**I**n the mathematics exam of the baccalauréat my son (and 160,000 other students) took on Tuesday, the probability problem was a straightforward application of Bayes’ theorem. Given a viral test with 99% positives for infected patients and 97% negatives for non-infected patients, in a population with 2% of infected patients, what is the probability that the patient is infected given that the test is positive? (It looks like another avatar of Exercise 1.7 in ** The Bayesian Choice**!) A lucky occurrence, given that I had explained to my son Bayes’ formula earlier this year (neither the math book nor the math teacher mentioned Bayes, incidentally!) and even more given that, in a crash revision Jean-Michel Marin gave him the evening before, they went over it once again! The other problems were a straightforward multiple choice about complex numbers (with one mistake!), some calculus around the functional sequence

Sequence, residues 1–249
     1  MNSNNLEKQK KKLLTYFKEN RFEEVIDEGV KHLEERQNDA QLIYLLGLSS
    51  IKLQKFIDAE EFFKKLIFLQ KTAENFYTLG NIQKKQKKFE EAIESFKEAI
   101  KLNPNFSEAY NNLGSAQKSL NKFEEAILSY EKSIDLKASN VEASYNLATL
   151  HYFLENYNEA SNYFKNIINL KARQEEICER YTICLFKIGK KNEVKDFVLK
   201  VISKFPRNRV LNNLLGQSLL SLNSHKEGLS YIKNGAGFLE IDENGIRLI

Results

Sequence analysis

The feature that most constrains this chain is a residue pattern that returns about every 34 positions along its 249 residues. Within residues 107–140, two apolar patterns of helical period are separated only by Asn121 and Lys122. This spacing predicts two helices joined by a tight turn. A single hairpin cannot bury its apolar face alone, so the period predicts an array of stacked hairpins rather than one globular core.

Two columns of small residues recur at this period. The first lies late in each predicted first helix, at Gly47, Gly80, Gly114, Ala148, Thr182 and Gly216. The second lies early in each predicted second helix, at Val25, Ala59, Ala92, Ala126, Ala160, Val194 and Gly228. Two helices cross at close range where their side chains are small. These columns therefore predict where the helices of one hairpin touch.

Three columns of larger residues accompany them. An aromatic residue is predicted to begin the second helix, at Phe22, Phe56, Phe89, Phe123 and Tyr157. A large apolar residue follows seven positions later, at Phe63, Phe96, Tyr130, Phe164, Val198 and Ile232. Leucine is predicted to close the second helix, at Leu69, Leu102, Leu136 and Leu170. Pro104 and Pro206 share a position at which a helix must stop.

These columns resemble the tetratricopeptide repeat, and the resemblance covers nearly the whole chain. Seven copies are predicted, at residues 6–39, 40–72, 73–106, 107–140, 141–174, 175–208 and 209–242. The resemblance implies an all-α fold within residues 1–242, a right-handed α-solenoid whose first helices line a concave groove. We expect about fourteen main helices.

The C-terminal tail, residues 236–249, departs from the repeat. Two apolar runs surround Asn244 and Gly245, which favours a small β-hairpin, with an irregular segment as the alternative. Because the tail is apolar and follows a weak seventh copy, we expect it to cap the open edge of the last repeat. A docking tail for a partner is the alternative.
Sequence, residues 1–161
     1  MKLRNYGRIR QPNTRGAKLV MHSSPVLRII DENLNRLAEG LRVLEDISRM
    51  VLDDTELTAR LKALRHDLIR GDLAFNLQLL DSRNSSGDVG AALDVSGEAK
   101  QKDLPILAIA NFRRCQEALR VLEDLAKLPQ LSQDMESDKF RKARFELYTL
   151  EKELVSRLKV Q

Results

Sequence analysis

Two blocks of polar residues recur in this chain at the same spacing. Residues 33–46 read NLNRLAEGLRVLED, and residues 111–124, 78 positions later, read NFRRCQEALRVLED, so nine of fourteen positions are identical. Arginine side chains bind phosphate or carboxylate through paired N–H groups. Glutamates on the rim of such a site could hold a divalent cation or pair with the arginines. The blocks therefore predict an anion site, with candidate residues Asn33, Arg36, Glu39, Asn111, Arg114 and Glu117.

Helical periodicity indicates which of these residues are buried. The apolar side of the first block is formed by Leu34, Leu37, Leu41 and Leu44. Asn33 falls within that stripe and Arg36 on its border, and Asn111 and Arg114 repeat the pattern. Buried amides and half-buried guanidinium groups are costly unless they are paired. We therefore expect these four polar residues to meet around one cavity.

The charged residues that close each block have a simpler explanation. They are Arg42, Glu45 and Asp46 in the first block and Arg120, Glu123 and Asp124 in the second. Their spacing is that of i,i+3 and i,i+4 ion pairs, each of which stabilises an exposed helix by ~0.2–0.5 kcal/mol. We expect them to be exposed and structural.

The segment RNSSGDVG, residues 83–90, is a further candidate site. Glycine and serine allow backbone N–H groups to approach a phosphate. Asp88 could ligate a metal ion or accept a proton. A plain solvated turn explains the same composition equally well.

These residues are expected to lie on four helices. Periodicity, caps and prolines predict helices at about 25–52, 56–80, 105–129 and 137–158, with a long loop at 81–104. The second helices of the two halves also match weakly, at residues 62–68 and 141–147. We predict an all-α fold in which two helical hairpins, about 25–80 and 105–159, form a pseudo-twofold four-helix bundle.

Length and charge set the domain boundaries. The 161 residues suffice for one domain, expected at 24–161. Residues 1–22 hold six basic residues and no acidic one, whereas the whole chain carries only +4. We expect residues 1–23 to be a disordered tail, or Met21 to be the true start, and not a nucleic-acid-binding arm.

*x*, and some arithmetic questions around Gauss’s and Bezout’s theorems. A few hours after I wrote the above, the (official) news came that this question had been posted on the web prior to the exam by someone and thus that it would be canceled from the exam by the Ministry for Education! The grade will then be computed on the other problems, which is rather unfair for the students. (On the side, the press release from the Ministry contains a highly specious argument that regulation allows for three to five exercises in the exam, hence that there is nothing wrong with reducing the number of exercises to three!) Not so lucky an occurrence, then, and I very deadly hope this will not impact in a drastic manner my son’s result! (Most likely, the grading will be more tolerant and students will not unduly suffer from the action of a very few….)

^{n}e^{-x}